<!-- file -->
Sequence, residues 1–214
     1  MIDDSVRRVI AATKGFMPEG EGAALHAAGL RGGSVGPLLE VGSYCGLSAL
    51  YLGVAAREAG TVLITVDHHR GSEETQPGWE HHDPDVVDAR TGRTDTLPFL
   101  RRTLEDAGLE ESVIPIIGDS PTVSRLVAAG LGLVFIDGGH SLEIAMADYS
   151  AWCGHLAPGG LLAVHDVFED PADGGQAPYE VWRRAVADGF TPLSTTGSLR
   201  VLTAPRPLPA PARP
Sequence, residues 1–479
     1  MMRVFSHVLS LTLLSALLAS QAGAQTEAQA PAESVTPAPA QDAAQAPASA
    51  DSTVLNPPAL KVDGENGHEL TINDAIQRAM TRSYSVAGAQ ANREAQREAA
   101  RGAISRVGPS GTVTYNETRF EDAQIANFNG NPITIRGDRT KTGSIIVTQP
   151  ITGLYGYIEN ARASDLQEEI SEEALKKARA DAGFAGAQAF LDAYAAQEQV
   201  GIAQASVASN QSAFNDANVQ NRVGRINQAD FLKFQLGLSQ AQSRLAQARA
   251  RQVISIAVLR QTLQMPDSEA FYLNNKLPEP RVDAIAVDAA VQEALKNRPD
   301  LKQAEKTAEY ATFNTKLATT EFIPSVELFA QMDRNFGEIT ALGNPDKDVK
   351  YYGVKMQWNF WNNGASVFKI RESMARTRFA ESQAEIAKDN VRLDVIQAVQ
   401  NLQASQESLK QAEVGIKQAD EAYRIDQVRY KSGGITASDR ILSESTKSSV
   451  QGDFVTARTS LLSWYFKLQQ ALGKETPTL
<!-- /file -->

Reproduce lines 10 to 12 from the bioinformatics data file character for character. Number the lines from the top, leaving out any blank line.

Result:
   101  RGAISRVGPS GTVTYNETRF EDAQIANFNG NPITIRGDRT KTGSIIVTQP
   151  ITGLYGYIEN ARASDLQEEI SEEALKKARA DAGFAGAQAF LDAYAAQEQV
   201  GIAQASVASN QSAFNDANVQ NRVGRINQAD FLKFQLGLSQ AQSRLAQARA